Their response followed statements by Amnesty International and Human Right Watch (HRW), which expressed disappointment at Kasab's hanging. "Today's execution means India has taken a significant step backwards and joined the minority of countries that are still executing…We recognise the gravity of crimes for which Kasab was convicted and sympathise with the victims, but death penalty is the ultimate cruel and inhuman form of punishment," Amnesty International said.
HRW, a US-based rights group, appealed to the Indian government to remove death penalty from its legal system. "For a crime as serious and horrible as what Kasab committed, he deserved a life in prison. It is not a lighter sentence," its South Asia director, Meenakshi Ganguly, stated.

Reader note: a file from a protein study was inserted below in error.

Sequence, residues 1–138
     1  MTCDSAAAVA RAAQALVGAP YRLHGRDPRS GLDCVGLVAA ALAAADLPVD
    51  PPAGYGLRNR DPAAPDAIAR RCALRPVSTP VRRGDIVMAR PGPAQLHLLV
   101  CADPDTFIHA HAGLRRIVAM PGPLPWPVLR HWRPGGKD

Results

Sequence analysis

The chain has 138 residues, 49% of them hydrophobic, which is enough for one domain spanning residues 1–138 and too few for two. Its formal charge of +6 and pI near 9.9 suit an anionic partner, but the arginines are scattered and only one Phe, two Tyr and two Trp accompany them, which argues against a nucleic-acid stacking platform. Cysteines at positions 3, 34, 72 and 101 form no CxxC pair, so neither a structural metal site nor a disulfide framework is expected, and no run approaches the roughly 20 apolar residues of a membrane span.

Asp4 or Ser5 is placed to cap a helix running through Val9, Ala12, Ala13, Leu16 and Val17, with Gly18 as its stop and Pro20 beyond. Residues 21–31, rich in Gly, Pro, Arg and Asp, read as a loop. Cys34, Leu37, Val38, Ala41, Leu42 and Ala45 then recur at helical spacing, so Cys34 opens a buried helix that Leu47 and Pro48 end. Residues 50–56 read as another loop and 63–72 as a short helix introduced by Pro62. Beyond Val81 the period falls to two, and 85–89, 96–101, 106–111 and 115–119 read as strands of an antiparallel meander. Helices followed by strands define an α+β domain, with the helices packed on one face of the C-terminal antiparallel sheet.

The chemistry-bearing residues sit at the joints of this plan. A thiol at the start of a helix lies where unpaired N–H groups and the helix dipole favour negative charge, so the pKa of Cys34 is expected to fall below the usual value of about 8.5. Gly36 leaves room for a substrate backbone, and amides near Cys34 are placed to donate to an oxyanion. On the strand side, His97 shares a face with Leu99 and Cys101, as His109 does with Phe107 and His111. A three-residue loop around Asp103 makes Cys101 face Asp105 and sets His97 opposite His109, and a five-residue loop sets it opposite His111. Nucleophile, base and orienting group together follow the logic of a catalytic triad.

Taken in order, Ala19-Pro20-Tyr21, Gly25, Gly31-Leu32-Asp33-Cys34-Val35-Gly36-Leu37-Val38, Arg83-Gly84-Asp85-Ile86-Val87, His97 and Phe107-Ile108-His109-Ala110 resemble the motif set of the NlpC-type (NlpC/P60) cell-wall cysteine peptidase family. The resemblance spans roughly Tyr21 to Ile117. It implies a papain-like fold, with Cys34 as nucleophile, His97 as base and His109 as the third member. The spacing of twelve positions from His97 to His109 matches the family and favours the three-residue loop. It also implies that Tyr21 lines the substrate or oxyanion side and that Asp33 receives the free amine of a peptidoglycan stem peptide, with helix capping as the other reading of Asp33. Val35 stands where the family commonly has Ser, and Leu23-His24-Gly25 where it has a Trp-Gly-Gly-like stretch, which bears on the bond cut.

Justice Verma rejected these arguments. "The debate on the death sentence has been going on for years. My view is that it has to be retained in the law books for at least some offences such as terror attacks."
Justice Khare said critics of the death penalty, mainly the European Union and US, will have to factor in Indian conditions before seeking the scrapping of the death sentence. "It may be fine for the protected environments in those countries...," the former CJI said, adding that that in a country like India, which faces problems such as infiltration, terror attacks and internal hostilities, "a strong and effective deterrent was required".